Central African Republic: Stagnant water contributing to cholera outbreak (RFI & Reuters)

| August 29, 2016

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Recent rains in the Central African Republic have increased the number of pools of stagnant water, which is contributing to the spread of cholera in the country. An epidemic has been declared as at least 18 people have died and 150 cases have been identified.

Cholera is transmitted through contaminated drinking water and causes acute diarrhea.

Hama Cloutse is a hydraulic engineer with UNICEF, the international children’s charity. He says that insects live in stagnant water, which is also a favoured place for animals such as dogs and donkeys to drink or bathe. Children may also use these same waters to play. He adds: “If we don’t educate people about best practices regarding waste water management, as well as pit toilet management and use, we are likely to have other problems. It is necessary to have good control of waste water … to prevent it from being a source of disease.”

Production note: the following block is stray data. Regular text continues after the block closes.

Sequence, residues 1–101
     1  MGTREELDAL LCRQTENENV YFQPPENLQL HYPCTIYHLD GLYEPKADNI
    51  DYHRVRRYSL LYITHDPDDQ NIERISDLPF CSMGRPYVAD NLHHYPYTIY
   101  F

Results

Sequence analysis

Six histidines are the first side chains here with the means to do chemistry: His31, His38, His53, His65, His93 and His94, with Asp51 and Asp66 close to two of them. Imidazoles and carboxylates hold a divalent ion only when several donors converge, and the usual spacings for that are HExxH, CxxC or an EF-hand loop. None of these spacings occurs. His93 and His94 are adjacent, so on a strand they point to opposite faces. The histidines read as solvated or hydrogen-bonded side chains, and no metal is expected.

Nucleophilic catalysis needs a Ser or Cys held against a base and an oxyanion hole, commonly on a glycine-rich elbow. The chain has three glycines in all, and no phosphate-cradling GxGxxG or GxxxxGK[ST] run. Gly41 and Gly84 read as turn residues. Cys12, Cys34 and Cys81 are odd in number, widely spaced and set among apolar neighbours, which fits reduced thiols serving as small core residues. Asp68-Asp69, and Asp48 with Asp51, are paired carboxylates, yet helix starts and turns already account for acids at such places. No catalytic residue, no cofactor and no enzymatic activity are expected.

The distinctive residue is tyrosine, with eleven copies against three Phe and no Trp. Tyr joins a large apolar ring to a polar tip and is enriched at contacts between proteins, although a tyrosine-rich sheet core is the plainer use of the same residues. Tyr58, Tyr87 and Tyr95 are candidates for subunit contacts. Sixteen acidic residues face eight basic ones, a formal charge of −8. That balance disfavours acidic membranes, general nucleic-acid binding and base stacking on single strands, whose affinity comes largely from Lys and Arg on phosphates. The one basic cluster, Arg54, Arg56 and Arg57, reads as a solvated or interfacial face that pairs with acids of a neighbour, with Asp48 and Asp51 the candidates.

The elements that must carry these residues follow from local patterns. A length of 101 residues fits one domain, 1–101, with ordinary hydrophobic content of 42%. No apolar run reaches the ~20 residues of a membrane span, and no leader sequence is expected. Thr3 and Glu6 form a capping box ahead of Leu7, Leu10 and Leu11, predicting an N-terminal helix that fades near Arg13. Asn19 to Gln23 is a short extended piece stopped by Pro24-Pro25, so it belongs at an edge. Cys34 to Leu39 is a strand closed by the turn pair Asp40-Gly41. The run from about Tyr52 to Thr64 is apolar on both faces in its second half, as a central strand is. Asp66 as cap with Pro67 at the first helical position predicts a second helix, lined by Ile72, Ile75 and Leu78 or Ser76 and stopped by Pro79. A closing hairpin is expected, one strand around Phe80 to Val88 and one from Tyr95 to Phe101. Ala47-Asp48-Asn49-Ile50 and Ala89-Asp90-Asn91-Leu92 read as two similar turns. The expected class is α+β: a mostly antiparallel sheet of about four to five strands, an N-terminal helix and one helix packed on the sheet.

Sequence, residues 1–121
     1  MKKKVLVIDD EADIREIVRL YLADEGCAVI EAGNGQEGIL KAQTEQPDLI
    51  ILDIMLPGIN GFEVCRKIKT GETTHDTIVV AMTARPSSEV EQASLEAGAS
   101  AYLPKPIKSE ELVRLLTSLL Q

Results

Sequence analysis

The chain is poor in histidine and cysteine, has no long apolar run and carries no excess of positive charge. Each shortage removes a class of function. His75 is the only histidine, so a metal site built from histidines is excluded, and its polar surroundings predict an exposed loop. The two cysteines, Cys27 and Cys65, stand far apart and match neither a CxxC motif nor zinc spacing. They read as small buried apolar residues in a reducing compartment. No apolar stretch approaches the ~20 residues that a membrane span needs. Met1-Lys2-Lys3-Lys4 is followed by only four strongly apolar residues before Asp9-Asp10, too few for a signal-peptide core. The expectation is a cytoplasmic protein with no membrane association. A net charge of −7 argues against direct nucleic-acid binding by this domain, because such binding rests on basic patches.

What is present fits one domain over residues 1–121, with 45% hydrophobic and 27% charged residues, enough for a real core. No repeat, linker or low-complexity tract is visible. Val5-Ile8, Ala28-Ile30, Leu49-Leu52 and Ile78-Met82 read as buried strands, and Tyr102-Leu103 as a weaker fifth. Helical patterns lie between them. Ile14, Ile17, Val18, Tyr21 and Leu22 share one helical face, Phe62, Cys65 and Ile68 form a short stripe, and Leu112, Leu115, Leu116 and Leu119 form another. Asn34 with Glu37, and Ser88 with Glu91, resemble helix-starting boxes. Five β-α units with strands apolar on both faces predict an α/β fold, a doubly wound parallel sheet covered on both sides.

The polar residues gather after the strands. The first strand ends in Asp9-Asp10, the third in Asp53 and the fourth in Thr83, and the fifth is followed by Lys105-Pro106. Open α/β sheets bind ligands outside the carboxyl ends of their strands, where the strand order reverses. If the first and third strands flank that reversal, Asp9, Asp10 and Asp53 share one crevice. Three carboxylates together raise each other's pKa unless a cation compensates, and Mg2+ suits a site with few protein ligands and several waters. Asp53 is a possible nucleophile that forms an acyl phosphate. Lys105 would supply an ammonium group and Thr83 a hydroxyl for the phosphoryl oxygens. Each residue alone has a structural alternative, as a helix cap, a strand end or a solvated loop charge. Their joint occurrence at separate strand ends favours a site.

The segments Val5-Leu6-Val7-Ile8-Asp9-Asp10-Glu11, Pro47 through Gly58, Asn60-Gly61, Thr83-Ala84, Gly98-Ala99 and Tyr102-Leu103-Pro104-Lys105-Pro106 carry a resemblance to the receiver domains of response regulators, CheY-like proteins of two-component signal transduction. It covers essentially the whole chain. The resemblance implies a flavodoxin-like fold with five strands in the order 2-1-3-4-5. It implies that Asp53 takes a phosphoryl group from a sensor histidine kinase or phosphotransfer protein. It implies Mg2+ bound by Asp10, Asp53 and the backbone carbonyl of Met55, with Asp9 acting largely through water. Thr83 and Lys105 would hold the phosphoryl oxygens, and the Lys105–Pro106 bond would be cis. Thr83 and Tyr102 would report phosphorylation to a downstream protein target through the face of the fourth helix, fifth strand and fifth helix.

To read the full article, go to: http://www.rfi.fr/afrique/20160823-reportage-rca-cholera-eaux-stagnantes-insalubrite

And read how aid agencies are responding: http://www.reuters.com/article/us-centralafrica-cholera-idUSKCN10T1PN

Photo credit: REUTERS/Allison Shelley/File Photo